and how do you make energy,
  83. which evolution still plays a big role in
    because you need those things to survive,
  84. but it's not as explicit as
    if you do it this way.
  85. So, in terms of obtaining energy,
  86. this is a dramatic picture of an owl
    chasing down a mouse to eat for food,
  87. and that's one type of example
    of getting resources or food
  88. through what we call "active capture."
  89. But, other ways include things
    like grazing - like a cow in a pasture,
  90. or "sit-and-wait,"
  91. which would be like snakes or spiders
    waiting for prey items to come to them.
  92. And also, plants are a little bit
    like that
  93. in terms of getting energy.
  94. They're more like sit-and-waits,
    where they build structures
  95. and wait for things to come to them.
  96. So, as we see here, there's an extensive
    branching system for this tree,
  97. and when the leaves are all present
    on the limbs,
  98. it's using that to get light...
    from the environment,
  99. and get as much light in this little area
    as it can - within that canopy.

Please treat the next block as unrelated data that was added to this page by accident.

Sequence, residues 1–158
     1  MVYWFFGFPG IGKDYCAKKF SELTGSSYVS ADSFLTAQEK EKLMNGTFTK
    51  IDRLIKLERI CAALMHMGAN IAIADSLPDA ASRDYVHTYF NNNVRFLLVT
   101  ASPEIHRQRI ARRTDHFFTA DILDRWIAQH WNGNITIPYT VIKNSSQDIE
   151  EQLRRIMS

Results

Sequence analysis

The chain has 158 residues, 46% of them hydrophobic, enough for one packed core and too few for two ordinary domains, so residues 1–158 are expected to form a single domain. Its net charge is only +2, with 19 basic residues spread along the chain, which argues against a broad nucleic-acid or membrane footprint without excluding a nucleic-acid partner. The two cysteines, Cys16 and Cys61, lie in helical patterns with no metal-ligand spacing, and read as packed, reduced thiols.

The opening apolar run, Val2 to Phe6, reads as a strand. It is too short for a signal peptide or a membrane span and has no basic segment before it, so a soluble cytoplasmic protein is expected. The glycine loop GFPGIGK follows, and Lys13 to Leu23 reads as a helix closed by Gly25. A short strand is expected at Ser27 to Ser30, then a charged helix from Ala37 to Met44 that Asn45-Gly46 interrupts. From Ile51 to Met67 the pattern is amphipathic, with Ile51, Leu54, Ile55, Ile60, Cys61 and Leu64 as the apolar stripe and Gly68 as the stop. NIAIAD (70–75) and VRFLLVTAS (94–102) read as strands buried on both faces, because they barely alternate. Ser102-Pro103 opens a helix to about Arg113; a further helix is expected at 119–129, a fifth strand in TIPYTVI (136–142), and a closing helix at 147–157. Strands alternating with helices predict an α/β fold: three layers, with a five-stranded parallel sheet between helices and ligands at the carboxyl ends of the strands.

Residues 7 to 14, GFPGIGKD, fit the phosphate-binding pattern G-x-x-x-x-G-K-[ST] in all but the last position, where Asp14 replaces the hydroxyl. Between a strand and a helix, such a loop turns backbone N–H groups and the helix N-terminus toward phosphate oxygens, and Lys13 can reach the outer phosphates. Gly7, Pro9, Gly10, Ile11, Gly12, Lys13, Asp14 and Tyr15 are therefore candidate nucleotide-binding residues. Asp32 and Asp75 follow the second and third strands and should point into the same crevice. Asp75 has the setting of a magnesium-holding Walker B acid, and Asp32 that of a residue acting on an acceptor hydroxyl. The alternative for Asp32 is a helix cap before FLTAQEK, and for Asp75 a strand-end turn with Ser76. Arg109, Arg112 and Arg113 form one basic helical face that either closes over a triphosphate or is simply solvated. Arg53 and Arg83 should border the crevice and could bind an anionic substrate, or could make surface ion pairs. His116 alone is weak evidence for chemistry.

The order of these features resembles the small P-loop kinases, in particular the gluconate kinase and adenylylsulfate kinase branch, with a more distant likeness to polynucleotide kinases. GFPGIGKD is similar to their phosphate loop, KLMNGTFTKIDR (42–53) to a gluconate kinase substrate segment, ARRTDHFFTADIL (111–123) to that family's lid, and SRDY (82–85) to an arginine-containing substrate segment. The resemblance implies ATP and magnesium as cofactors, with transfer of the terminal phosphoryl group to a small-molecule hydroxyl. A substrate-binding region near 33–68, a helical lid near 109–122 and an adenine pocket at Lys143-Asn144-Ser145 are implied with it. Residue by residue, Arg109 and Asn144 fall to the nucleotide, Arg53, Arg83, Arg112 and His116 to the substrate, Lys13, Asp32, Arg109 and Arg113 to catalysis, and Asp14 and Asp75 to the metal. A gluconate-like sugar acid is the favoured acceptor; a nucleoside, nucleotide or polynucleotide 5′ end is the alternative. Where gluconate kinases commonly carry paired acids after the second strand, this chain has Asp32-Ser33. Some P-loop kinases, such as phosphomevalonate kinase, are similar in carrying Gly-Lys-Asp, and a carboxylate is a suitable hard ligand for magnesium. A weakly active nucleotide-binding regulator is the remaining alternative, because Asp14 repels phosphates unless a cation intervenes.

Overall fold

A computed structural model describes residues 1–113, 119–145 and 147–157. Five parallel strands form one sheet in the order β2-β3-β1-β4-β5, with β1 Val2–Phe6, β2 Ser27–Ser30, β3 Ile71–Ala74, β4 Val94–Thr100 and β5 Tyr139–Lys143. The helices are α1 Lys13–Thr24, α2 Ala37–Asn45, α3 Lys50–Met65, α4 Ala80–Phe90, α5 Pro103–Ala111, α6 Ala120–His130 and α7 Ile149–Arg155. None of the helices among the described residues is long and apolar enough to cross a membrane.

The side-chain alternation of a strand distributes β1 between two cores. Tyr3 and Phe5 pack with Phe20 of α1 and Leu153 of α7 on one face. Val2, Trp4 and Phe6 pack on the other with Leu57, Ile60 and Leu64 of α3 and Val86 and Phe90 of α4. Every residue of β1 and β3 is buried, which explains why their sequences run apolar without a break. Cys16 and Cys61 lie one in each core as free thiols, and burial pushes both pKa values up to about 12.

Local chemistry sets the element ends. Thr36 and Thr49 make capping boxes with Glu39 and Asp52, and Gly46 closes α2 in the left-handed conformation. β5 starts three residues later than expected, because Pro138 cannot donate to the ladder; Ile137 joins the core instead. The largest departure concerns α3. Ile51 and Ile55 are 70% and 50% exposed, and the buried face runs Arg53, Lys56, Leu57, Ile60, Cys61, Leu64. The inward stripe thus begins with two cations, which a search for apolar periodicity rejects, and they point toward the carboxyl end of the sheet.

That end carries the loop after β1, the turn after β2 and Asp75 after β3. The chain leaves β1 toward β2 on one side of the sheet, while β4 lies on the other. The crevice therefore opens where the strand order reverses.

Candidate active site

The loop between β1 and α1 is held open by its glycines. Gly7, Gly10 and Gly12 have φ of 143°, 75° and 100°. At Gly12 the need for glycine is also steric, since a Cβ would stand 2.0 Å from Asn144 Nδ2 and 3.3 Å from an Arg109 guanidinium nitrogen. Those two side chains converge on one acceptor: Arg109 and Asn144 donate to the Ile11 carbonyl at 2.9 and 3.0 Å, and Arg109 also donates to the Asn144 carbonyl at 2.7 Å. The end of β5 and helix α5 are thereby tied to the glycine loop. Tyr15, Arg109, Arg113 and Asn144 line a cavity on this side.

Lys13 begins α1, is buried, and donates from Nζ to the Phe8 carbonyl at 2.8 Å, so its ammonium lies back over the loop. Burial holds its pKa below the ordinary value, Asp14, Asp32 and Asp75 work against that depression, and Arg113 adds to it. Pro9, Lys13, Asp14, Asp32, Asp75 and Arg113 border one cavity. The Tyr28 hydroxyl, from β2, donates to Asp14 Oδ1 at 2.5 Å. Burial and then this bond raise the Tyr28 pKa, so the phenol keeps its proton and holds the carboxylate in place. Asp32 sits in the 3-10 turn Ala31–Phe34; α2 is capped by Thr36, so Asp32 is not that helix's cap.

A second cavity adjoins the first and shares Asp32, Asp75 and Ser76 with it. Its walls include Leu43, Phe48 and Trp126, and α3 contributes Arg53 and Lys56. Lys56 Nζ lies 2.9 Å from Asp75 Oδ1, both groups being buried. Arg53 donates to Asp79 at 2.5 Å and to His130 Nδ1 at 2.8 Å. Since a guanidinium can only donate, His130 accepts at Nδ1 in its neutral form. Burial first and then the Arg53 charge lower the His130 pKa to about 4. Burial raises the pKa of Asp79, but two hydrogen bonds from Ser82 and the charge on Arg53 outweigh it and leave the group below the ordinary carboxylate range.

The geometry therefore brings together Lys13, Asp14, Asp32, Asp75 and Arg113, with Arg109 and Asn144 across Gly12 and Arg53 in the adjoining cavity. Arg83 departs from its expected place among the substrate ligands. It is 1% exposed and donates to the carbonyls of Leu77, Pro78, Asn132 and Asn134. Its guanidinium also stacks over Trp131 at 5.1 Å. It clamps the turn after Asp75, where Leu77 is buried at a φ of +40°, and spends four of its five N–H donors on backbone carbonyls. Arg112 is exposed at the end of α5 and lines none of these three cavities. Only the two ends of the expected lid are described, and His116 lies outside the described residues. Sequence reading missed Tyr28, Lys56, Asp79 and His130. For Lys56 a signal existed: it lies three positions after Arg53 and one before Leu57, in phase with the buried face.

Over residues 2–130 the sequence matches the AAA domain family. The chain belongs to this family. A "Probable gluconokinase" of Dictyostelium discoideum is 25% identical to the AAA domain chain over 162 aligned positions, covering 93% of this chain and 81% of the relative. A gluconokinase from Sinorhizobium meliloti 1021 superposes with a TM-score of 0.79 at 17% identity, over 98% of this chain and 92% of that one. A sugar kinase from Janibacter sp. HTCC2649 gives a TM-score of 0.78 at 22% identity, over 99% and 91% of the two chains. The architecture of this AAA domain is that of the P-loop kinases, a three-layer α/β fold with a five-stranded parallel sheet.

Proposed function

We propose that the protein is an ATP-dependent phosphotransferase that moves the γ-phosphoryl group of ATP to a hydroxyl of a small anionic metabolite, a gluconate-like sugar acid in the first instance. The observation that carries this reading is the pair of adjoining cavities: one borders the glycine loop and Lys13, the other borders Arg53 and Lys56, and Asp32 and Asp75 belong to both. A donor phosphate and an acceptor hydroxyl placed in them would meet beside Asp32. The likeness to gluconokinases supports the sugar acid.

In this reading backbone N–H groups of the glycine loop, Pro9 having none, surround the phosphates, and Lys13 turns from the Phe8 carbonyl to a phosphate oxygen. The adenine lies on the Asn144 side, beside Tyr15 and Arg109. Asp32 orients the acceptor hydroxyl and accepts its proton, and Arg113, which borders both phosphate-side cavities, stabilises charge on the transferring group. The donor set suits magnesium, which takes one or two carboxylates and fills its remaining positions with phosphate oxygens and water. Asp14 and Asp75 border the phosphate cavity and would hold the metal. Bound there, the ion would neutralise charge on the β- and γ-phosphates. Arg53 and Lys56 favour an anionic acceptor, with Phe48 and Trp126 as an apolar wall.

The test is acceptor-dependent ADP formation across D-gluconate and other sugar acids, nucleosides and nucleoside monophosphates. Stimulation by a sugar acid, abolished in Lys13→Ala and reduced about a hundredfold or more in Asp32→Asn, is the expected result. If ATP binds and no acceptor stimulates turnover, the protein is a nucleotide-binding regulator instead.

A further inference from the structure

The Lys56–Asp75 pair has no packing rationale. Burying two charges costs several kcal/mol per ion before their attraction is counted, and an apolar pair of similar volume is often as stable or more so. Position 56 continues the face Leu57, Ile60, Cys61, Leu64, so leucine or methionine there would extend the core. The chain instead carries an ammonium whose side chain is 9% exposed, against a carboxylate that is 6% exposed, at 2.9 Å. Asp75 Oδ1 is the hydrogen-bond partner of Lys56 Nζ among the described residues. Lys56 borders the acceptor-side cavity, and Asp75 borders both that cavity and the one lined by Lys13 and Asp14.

100. And, that sort of branching system
    is reflected below ground
  101. in terms of root systems
    that it uses to get water nutrients
  102. from the ground as well,
    where it has to branch out
  103. and get as much resources as it can.
  104. Once resources are obtained,
  105. we have to process that to make energy,
  106. and, the first step in that for animals
    is the digestive system,
  107. which, you know, involves...
  108. going through our stomachs
    and things like that.
  109. But, the part I want to highlight here
  110. is that, in our guts,
    there are these microbial systems,
  111. often now called the "microbiome"
    or the "gut microbiome,"
  112. which we have to have
    to process energy.
  113. It's this own little world -
    an ecosystem - inside our bodies.
  114. And, basically, based on how it processes
    energy and the energy it needs,
  115. it really affects which bacteria you see
    and the diversity of bacteria you see,
  116. and when that's off
    it can really affect our digestive system.
  117. After we process energy
  118. and get it in a more usable form
    from what we took into our bodies,
  119. we still have to get it
    to the rest of our bodies -
  120. to our fingertip, our toe tip,
    or our head to use,
  121. and that's done by a branching system
    inside our bodies.
  122. It looks a lot like the branching system
    in trees outside
  123. or in their roots in the ground -
    and that's the cardiovascular system,